written on behalf of Feigenbaum Law
As more and more people become fully vaccinated against COVID-19 people on both sides of the US-Canada border, particularly those who travel for work or maintain homes in each country, are looking forward to being able to travel across the border more easily. However, while restrictions are easing, border mobility is still much more difficult than in years past. We wanted to take some time in this week’s blog to update our readers with what the latest news is in relation to cross-border travel.
United States to require vaccination to enter
Just last week, Global News reported that the Biden administration is looking to require nearly all visitors from outside of the country to be vaccinated against COVID-19. While a specific timeline has not yet been introduced, there are interagency working groups studying how such a plan can be put into place.
Currently, people are able to enter the United States provided they have not been to certain areas hit hard by the Delta variant of COVID-19 within the previous two weeks, including China, parts of Europe, the UK, Ireland, Brazil, South Africa, and India. Additionally, all travelers to the United States must test negative for COVID-19 within three days of arriving by air. At present, Canadians are able to fly, but not drive to the United States.
An additional consideration for Canadians who are fully vaccinated is that the United States does not currently recognize two vaccines (AstraZeneca or a mix of it with mRNA) that have been approved in Canada.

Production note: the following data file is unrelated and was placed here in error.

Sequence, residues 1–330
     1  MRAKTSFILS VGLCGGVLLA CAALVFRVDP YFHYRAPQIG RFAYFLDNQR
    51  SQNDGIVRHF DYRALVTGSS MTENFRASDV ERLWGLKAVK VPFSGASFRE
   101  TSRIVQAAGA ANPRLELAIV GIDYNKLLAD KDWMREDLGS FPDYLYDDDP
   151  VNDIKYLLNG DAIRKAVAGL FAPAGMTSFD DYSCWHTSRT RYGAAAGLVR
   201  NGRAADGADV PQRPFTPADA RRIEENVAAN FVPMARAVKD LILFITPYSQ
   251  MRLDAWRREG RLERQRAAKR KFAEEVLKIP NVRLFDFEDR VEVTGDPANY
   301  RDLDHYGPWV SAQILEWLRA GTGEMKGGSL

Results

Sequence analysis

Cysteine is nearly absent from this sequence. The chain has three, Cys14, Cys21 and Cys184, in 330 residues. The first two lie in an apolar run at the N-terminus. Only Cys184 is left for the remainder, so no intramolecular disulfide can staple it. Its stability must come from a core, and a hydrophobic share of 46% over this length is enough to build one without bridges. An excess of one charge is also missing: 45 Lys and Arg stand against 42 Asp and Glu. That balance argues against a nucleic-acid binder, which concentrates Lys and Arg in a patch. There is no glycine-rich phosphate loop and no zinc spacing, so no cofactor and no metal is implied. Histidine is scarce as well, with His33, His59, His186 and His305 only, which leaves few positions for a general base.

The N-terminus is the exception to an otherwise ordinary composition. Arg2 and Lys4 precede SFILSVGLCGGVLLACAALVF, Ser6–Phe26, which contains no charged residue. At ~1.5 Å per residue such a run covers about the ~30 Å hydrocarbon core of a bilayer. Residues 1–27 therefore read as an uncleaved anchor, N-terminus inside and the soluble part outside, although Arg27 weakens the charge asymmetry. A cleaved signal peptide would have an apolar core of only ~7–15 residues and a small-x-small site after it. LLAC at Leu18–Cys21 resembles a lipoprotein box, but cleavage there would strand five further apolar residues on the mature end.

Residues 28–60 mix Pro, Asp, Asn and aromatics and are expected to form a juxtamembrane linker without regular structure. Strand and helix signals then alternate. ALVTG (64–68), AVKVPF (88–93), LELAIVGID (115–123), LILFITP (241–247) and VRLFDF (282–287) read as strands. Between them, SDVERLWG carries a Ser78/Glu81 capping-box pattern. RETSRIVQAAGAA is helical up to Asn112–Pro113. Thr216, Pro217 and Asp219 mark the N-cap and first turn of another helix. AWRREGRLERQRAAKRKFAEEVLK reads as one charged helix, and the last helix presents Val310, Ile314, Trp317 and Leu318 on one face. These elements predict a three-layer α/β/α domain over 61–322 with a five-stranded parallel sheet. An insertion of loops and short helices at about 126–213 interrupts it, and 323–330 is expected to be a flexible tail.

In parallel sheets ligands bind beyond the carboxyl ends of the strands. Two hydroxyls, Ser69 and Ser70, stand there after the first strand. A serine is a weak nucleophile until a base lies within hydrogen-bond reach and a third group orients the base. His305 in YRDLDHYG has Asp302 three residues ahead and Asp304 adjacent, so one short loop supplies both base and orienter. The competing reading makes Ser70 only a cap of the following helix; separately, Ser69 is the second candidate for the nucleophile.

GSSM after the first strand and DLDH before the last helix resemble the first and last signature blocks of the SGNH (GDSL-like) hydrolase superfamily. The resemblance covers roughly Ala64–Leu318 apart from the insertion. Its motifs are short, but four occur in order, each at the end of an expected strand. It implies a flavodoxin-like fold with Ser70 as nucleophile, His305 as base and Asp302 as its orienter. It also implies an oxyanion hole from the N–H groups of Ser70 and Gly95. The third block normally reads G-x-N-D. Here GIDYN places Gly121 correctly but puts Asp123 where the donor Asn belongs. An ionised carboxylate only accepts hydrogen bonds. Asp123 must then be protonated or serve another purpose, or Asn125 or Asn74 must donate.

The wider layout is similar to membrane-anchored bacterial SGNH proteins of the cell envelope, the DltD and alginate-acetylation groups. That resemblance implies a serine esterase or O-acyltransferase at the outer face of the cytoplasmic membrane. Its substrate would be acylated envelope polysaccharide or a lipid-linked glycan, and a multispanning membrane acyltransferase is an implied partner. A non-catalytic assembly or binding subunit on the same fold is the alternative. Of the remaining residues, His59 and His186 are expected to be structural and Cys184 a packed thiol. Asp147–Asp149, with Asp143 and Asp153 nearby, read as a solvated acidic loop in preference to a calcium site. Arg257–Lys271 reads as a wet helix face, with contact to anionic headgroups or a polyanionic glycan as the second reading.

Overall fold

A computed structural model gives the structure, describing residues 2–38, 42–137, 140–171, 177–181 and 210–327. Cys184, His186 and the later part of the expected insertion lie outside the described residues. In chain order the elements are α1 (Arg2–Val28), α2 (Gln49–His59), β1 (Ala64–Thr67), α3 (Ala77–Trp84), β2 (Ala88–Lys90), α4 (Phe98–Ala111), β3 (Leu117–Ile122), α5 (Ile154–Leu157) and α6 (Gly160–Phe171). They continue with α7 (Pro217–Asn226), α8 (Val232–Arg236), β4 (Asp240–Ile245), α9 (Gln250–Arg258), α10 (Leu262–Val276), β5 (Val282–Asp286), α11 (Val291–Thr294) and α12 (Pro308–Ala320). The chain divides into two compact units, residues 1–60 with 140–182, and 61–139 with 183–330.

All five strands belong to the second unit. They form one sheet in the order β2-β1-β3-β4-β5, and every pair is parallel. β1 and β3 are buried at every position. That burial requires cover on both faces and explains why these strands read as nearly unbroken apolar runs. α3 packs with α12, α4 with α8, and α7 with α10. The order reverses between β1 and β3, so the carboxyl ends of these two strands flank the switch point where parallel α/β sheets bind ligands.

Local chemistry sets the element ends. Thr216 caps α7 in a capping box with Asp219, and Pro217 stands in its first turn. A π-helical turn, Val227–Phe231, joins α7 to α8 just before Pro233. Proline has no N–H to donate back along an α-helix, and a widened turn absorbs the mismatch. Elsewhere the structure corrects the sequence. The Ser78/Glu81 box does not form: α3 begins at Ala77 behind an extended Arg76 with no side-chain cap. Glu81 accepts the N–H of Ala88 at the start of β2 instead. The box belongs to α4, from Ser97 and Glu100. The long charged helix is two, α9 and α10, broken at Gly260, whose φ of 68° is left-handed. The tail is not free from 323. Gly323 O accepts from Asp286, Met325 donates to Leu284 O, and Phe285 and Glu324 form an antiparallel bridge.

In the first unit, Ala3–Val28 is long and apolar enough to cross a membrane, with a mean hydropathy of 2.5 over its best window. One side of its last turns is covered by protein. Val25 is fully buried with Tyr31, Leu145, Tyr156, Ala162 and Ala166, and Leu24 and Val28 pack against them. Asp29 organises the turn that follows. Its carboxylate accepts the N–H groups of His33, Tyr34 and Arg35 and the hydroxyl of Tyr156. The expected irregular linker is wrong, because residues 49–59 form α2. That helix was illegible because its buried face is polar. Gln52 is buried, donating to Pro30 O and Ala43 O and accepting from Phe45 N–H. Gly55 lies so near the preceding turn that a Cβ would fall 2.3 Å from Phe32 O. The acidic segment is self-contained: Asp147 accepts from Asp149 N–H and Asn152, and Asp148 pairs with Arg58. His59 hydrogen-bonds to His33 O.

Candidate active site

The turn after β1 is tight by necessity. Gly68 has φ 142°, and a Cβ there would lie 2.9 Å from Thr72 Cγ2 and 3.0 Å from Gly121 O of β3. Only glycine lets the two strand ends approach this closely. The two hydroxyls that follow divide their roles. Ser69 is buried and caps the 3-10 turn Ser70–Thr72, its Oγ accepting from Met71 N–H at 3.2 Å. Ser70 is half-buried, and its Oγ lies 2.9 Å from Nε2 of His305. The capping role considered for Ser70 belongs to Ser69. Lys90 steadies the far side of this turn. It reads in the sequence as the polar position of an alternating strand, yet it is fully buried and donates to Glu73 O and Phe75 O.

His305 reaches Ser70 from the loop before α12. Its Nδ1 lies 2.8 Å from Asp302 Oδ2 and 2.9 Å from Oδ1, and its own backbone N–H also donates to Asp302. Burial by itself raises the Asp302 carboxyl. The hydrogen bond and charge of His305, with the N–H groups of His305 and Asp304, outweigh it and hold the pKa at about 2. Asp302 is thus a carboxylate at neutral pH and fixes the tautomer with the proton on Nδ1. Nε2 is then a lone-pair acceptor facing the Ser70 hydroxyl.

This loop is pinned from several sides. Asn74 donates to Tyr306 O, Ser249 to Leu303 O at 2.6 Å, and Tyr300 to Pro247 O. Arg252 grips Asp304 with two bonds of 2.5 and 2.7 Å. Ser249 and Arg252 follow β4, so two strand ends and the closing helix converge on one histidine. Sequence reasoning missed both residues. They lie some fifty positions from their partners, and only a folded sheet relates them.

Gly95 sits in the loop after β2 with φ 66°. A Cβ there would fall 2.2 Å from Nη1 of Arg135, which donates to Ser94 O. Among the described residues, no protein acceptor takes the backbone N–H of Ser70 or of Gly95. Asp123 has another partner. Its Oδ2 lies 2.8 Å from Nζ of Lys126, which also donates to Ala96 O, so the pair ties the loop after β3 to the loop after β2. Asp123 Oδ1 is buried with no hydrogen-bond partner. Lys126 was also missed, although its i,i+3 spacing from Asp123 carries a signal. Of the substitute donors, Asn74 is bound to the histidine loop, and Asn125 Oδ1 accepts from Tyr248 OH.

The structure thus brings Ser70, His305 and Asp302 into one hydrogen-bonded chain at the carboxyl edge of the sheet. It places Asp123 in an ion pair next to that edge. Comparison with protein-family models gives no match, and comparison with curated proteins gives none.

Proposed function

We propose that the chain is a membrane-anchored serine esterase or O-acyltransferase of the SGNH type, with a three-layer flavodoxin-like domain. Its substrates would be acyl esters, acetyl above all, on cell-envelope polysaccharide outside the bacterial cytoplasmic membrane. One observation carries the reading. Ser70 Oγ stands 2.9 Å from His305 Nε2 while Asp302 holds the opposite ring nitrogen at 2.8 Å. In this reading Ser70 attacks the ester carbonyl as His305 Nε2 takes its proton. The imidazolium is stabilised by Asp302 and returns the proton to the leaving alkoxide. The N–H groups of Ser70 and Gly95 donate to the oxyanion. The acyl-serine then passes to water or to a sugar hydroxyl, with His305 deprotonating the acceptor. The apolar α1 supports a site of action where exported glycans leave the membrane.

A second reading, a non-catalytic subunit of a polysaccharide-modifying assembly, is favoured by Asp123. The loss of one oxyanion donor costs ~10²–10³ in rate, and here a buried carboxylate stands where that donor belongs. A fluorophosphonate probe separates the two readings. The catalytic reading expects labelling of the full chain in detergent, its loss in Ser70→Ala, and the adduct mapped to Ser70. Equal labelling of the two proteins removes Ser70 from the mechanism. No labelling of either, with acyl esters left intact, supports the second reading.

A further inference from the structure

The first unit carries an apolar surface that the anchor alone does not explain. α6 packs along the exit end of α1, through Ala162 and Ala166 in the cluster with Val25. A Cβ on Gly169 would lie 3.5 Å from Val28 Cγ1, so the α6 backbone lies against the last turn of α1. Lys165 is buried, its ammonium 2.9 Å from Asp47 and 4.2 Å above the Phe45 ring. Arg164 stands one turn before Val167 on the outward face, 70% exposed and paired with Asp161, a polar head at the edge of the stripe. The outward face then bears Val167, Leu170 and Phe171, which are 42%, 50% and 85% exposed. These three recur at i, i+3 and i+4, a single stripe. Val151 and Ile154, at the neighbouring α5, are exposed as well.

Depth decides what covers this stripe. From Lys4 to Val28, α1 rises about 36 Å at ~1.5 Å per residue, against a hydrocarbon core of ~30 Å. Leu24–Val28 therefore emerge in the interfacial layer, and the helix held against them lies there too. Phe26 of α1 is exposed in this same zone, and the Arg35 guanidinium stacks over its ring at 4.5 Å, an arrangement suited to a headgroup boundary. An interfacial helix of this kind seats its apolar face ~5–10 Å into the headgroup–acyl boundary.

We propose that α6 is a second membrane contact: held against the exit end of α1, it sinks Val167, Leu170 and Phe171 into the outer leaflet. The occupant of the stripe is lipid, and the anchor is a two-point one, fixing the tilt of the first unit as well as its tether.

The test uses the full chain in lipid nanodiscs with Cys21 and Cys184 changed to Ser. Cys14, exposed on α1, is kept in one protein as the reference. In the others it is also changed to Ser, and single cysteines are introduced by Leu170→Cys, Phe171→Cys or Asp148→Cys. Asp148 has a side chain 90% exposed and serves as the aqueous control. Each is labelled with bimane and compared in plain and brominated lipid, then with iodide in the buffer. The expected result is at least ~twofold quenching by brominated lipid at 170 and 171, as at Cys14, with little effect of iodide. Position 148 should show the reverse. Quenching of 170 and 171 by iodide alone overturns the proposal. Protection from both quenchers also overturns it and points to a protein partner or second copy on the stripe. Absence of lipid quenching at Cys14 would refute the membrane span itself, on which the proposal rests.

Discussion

Canada announces an open border for Americans
Meanwhile, on the Canadian side of the border, the government announced that it will be easing border restrictions. The news, which arrived a few weeks ago, stated that as of August 9, Canada plans to allow entry to American citizens and permanent residents who currently reside in the United States and have been fully vaccinated (by vaccines approved in Canada) for at least 14 days prior to entering Canada. This applies to non-essential travel.
This is a lead-up to a wider border opening tentatively scheduled for September 7, at which point if the situation surrounding COVID-19 remains favourable, the same conditions will be applied to visitors from other parts of the world.
Another difference between the approaches in Canada and the United States is that as of August 9 fully vaccinated travelers will not need to take a COVID-19 test upon their arrival with the exception of some individuals who will be randomly tested. The government says random testing will allow them to continue to monitor variants of COVID-19 and whether they present themselves in fully vaccinated individuals. Canada has also eliminated the three-night stay in a government-approved hotel for people arriving to Canada. However, people will have to provide a quarantine plan.
When making the announcement, Patty Hadju, Canada’s Minister of Health stated,
“Canadians’ safety and security always come first. With rising vaccination rates and fewer cases in Canada, we can begin to safely ease border measures. A gradual approach to reopening will allow our health authorities to monitor the COVID-19 situation here and abroad. Canadians have worked hard and sacrificed for each other, and because of that work, we can take these next steps safely.”
Whether you run a business on both sides of the US-Canada border or are involved in cross-border estate planning, the experienced team at Feigenbaum Law can help. Our team will create a personalized approach and walk you through all aspects of the process, saving you money and potential complications. We offer services to clients in the US, Canada and around the world. Contact us by email or at call us at (905) 695-1269 or toll free at (877) 275-4792.